The fractal above was produced by plotting a single orbit. An orbit is a sequence of values: the results of each iteration of a single formula or a pair of formulae in turn. The values in the orbit can be iterpreted as a location in an image, the image can then be coloured based on the number of times each location has been visited by the orbit. The pictures produced are of limited resolution, most fractals can produced at much higher resolutions revealing finer details, this isn’t possible with single orbit fractals. The effect of increasing the resolution is to increase the number of locations in a picture that an orbit can visit. For example if the number of pixels per side is doubled then what used to a single location is now four locations, tripled and the original location becomes nine locations, so as the resolution is increased the plot density is decreased. If the orbit visits only one of the new locations the same colour will used but all the other new locations will not have been visited and will be black, if the the orbit visits a number of the new locations the number of visits to the old location will be spread among the new locations resulting in a different colour selection. Assuming that the orbit can visit all the new locations then one approach to counteract this problem is to increase the orbit length by whatever factor the resolution is increased by, 4 for doubling of dimensions, 9 for tripling of dimensions and so on.

The following two pictures shows the effect of increasing the length of the orbit in line with the increase in resolution for the example Gumowski-Mira fractal.

As can be seen for this fractal the image gets dimmer and dimmer. The only way increasing the length of the orbit could have maintained the image is if the greater number of locations used at higher resolutions were visited evenly, if only a few of the new locations were visited then black of the unvisited locations would have a greater overall effect resulting in a dimmer picture.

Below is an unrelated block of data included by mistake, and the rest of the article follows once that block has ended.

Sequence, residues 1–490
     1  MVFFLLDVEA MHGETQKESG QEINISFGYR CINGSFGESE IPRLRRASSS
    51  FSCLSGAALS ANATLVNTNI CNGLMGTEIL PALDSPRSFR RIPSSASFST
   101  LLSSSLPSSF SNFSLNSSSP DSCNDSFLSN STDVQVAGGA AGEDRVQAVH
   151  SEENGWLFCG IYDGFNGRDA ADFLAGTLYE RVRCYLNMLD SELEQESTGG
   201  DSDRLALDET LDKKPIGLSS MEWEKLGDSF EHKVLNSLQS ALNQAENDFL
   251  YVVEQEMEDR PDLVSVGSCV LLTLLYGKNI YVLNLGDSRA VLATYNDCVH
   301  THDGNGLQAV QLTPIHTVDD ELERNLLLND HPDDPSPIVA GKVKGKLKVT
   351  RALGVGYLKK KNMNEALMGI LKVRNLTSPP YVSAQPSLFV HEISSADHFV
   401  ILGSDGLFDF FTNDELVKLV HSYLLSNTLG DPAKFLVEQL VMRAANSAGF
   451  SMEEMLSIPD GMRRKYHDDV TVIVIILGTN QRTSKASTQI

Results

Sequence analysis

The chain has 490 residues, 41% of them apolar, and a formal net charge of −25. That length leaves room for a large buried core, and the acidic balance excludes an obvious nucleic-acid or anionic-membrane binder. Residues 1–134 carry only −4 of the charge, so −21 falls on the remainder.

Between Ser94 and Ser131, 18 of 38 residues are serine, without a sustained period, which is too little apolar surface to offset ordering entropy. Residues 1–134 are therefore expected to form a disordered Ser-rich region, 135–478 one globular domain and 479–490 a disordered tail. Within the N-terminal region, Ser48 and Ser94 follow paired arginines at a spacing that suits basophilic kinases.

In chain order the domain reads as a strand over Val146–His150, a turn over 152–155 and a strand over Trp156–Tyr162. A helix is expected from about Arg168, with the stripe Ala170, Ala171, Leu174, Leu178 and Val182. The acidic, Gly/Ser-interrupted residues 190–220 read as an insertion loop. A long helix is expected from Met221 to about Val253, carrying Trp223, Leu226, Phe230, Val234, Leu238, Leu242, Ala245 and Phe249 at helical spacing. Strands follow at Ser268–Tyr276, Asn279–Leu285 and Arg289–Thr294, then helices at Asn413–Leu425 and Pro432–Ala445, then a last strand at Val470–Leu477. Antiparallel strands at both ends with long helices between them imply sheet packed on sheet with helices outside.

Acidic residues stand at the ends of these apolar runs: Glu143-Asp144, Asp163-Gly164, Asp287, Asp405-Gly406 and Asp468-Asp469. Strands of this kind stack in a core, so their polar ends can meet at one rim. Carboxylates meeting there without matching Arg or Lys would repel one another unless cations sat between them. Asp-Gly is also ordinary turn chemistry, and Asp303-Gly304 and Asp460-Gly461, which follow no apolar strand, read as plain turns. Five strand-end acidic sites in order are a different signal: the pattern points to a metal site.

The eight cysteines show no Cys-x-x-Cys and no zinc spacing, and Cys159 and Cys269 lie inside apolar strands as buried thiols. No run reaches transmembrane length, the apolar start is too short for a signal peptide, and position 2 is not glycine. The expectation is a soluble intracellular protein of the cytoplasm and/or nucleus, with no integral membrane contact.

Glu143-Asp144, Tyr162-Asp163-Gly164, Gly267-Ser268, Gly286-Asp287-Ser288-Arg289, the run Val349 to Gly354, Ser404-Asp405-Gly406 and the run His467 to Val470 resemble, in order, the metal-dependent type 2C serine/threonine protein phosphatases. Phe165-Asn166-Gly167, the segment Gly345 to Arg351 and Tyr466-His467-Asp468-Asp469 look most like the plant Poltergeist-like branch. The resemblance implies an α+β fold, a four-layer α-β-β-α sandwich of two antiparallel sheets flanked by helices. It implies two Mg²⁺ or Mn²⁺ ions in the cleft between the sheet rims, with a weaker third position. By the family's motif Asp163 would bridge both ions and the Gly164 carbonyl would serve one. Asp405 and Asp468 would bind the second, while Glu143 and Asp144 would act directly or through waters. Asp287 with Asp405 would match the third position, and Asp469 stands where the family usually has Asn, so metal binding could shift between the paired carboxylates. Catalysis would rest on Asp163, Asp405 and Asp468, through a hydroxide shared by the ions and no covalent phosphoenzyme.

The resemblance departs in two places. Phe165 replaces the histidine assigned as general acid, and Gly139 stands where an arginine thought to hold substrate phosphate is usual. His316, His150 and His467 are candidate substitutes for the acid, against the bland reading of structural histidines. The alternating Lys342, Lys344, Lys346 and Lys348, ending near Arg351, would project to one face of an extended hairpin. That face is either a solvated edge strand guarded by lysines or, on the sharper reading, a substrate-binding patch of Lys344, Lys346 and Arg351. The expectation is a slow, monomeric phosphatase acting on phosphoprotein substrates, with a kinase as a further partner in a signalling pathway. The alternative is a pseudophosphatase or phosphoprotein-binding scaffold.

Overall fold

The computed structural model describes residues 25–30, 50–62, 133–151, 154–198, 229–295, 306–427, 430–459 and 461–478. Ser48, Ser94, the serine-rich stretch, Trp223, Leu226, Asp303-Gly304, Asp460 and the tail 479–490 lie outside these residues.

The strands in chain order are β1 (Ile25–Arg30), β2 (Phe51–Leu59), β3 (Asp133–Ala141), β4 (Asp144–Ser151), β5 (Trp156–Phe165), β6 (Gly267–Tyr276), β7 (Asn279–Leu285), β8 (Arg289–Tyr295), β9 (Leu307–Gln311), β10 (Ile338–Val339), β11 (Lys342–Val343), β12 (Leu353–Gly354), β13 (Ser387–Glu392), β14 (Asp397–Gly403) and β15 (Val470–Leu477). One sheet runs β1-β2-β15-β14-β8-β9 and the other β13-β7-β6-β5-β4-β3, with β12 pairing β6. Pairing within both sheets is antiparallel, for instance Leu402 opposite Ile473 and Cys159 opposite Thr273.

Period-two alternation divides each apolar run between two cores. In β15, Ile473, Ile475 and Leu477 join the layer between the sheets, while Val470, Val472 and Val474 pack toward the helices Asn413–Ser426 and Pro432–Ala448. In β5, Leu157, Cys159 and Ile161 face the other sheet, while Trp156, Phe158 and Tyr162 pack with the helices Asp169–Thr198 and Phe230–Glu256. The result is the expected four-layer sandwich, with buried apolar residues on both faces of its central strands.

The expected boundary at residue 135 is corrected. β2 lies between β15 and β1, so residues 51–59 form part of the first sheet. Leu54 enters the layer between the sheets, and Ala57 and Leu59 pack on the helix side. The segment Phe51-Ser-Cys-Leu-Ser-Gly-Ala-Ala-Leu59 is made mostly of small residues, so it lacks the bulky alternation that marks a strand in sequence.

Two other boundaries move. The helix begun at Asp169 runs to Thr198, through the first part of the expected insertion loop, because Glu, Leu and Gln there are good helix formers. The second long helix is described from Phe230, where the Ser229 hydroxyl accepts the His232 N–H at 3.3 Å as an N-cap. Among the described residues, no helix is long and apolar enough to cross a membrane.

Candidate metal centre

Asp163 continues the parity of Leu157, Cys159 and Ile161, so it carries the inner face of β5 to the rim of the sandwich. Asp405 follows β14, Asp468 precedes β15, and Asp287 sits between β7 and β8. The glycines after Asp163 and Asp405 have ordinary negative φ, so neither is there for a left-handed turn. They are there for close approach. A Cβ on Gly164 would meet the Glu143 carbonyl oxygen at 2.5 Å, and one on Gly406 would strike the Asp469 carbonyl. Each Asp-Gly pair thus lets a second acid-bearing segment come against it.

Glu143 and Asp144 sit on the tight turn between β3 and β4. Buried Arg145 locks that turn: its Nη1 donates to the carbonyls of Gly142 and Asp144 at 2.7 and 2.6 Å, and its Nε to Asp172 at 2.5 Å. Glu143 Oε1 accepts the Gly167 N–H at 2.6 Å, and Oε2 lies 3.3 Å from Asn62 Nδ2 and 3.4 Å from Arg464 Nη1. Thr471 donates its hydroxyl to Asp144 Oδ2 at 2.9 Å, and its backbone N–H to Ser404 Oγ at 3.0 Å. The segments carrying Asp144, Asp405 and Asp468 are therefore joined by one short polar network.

The parameters used for the example Gumowski-Mira fractal result in an orbit plot where all points in the orbit fall inside the picture’s boundaries, other parameters result in orbits that leave the boundaries of the picture and never come back, so increasing the orbit length is pointless.

Other single orbit fractals such as Chip (as named in FractInt) behave in interesting ways, for a period the orbit will visit locations confined to a small area and then will suddenly break out to a much larger area and will be confined to that area for a period and then again breakout and so on. The same limitations of increasing the orbit length in line with resolution applies to this single orbit fractal with the addition that the increased resolution picture will be different in appearance.

The following three pictures shows a Chip fractal at varying resolutions:

The problems associated with producing hihger resolution versions of single orbit fractals also applies to zooming in. When a small part of a single orbit fractal has been selected for zooming in not all of the points in the orbit can be plotted. To counteract this problem only the values in the orbit that can be plotted are counted as part of the orbit thus a much longer orbit is calculated, if the number of consecutive unplotted values reaches the required orbit length calculation is deemed to be complete because the orbit may never return to the area being plotted. Depending on how the orbit behaves this may or may not improve the resulting image and won’t in anycase produce an image that properly matches the appearance of the zoomed area.

In short single orbit fractals are interesting to play with but zooming in and the production of high resolution images doesn’t work properly.

A number of these single orbit fractals will be included with next release of Saturn and Titan, expansion using Titan will NOT be available.

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